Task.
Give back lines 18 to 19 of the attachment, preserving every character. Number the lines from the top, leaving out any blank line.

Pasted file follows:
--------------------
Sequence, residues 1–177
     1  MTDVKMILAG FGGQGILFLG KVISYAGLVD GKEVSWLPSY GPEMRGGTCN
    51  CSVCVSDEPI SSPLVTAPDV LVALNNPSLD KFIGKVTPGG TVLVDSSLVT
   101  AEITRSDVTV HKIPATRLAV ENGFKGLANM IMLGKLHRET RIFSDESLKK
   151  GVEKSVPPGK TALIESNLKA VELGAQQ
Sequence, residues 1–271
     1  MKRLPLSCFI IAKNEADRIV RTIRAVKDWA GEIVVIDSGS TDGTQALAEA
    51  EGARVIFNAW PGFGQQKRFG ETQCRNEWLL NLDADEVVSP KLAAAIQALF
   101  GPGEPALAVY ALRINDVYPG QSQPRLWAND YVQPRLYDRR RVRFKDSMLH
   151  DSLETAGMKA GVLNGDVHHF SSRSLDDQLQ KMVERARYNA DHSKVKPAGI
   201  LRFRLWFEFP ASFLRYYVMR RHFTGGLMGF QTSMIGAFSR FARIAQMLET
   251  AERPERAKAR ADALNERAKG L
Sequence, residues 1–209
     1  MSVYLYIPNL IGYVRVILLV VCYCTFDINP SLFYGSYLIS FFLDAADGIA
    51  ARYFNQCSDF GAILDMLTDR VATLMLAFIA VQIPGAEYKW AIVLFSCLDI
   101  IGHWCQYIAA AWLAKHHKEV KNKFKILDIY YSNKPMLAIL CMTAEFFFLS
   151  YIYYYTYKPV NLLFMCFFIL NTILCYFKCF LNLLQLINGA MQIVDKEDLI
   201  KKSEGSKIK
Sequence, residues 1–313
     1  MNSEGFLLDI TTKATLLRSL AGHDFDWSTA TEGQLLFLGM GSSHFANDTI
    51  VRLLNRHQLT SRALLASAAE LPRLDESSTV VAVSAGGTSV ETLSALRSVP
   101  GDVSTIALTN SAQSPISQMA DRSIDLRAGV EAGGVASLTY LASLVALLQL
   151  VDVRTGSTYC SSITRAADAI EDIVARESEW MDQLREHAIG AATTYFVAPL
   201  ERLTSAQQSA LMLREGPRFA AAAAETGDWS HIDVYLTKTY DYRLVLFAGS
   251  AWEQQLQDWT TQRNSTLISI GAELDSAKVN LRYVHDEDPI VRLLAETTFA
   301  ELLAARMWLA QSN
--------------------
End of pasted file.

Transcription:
   201  KKSEGSKIK
Sequence, residues 1–313